I love how experimental Lemire was with this book. Besides the sci-fi, which involves time travel, artificial intelligence, outer space, and even a small dose of steam punk, Lemire's done such a good job with the romance genre, that I'd almost go as far as saying I'd classify the book as a romance first.

And the artwork is just crazy; at one point you even have to flip the book over to read a concurrent story.

A small complaint with the first comic (chapter) is with the amount of dialogue. I've always loved Lemire's ability to tell so much without words, but with such a convoluted set-up this time, there's much told through somewhat awkward dialogue or thoughts. Perhaps a Star Wars-esque scroll would have served to let readers know what the deal was. In any event, once that's out of the way the story gets well underway and I was enraptured in the lives of Nika and William.

Tuesday, September 09, 2014

Reader's Diary #1063- Sara Gruen: Water for Elephants

When I realized that Sara Gruen's Water for Elephants was told as a series of flashbacks from an elderly person, I was a little concerned. I had just recently read Margaret Laurence's The Stone Angel, also told from an elderly person's perspective. Was my subconscious or a higher being trying to prepare me for aging? Knock it off, universe, I'm not even middle-age yet (at least, I hope not!).

To make matters worse, I enjoyed it! Told from the perspective of one Jacob Jankoski, a 93 year old man now in a retirement home, recounting his days in a traveling circus— memories sparked by the announcement that a circus is being set up next door to the home. Set during the Great Depression, the overarching theme seems to one of luck; when it's bad luck, persevere and be patient for the good luck (should it ever come). 

Jacob is flawed, but not so much that he ever becomes unlikeable and most of the other characters are believably complex, even Rosie the Elephant. The settings are fascinating (I was as interested in the retirement home as the circus). And the love story is beautiful. Occasionally, it's predictable (Jacob is forced to be roommates with a little person, who first appears to resent Jacob's presence, but of course they eventually become friends) and while I was content with the ending of the flashback, the wrap-up of the present day frame story felt more implausible and forced. Still, these are minor complaints and honestly, I looked forward to reading it. 

(This was the first time I borrowed an eBook from the local public library and the experience was great. I'd definitely do it again. Do you or have you borrowed eBooks before?)

Monday, September 08, 2014

Reader's Diary #1062- Rolli: Were I The Leaves, I'd Be Dead

It never ceases to amaze me when writers are able to develop such rich characters in the space of a short story, or even more impressively, a flash short story.

In Rolli's "Were I The Leaves, I'd Be Dead," though there are just three short paragraphs, one cannot help learn about a couple of characters (a mother and child) and of their tragic relationship tragic because the child overhears some things that are obviously difficult to deal with.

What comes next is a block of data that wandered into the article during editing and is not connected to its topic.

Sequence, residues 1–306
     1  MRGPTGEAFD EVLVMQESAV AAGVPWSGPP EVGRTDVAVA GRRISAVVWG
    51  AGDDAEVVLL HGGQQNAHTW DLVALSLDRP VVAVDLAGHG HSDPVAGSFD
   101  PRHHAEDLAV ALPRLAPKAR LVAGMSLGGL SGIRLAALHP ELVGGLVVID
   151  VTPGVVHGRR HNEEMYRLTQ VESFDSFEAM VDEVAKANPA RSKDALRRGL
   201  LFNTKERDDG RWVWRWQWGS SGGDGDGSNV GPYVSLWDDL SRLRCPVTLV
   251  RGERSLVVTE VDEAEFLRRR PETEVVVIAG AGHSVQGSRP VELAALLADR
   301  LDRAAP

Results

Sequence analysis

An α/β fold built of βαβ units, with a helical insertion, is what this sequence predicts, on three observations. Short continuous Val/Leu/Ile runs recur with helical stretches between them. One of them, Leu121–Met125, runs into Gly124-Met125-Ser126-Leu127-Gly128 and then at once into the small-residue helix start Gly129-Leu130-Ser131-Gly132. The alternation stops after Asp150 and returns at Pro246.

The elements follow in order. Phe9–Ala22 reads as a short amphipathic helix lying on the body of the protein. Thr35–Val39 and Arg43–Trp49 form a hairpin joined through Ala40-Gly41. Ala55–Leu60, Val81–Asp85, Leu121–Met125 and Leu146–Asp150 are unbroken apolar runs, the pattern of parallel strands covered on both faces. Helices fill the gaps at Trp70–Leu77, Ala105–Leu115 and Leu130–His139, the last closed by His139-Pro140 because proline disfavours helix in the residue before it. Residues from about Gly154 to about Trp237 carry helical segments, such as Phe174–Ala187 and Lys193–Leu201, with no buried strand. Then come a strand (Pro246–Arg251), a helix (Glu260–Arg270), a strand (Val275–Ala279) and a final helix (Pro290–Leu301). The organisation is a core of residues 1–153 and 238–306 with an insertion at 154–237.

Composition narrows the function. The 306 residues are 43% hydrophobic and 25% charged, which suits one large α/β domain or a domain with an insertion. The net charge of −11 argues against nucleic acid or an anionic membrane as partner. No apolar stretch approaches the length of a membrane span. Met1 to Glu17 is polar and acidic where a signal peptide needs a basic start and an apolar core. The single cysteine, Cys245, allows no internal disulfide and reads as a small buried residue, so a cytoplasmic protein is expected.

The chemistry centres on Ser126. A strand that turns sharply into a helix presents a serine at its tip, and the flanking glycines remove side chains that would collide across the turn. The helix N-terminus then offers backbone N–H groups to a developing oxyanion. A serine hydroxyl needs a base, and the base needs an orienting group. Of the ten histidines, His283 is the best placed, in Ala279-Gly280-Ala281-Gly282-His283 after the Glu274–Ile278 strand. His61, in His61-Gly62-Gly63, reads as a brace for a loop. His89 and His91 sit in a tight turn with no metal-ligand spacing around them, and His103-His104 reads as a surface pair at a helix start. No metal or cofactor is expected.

Though the tone of the story is sad and with a hint of accusation, I found it compelling how much empathy Rolli made me feel for these characters. The mom needed an emotional outlet, the child unfortunately heard whenever she found one. It's not a complicated plot, just some of life's more unpleasant moments.

With a title like that, you weren't expecting Ferris wheels and cotton candy, I hope.

Saturday, September 06, 2014

Reader's Diary #1061- Jeff Lemire: The Underwater Welder

Jeff Lemire's The Underwater Welder tells a story of a Nova Scotian man named Jack who's about to become a father. However, instead of focusing on this joyous occasion, Jack is literally haunted by his past— and to make matters worse, it's happening when he's under water.

I think the introduction by Damon Lindelof, in which he compares it to the Twilight Zone, helped set the eerie tone for me. That said, while I certainly enjoyed the creepy and mysterious aspect, what I've always admired the most about Lemire's stories are the relationships and introspection, whether he's trying his hand at familial drama, sci-fi, or ghost stories, and The Underwater Welder has the personal stuff in spades.

As for the artwork, Lemire still hasn't ventured away from those wobbly lines that I know aren't everyone's cup of tea. Likewise his cinematic approach of using far off or sudden close ups for mood or dramatic effect are still there. However, he still shows a lot more growth and experimentation. This time Lemire has also used gray watercolours that help accentuate the lonely, haunting qualities of ths story as well as the damp Nova Scotian setting. There's also an approach to paneling that I don't recall having encountered anywhere else before, in which a single object is divided into many panels. In this scene in particular, the divided panels help accentuate Jack's shaken identity: